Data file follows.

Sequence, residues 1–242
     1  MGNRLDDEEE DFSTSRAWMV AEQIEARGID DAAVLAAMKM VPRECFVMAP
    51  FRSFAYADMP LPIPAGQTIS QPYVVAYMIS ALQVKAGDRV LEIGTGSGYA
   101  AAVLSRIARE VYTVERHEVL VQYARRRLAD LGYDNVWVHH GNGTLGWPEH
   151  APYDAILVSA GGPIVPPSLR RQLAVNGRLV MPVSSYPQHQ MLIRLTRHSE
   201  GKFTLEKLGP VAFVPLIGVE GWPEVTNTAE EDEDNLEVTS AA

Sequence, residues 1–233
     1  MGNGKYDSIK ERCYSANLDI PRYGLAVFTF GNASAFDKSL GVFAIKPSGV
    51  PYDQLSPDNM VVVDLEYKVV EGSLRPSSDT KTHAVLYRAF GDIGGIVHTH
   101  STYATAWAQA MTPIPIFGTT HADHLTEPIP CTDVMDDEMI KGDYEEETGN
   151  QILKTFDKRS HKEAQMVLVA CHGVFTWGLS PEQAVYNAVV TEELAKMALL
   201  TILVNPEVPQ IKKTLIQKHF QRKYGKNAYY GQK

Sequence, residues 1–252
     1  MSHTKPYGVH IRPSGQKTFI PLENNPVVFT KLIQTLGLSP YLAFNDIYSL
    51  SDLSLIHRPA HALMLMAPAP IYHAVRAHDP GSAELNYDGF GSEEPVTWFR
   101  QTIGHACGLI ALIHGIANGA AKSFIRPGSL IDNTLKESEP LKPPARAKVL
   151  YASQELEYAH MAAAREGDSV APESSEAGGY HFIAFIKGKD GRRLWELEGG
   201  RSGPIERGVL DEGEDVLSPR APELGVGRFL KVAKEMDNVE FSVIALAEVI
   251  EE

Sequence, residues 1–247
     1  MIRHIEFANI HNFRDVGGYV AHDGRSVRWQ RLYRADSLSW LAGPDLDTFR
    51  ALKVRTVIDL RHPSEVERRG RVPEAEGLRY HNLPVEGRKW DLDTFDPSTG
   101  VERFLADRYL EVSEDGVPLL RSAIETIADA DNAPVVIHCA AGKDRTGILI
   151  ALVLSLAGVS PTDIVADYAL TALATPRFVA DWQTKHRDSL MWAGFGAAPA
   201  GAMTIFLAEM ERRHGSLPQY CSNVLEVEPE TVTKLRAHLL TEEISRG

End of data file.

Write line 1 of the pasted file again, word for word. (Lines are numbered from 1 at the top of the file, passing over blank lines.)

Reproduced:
Sequence, residues 1–242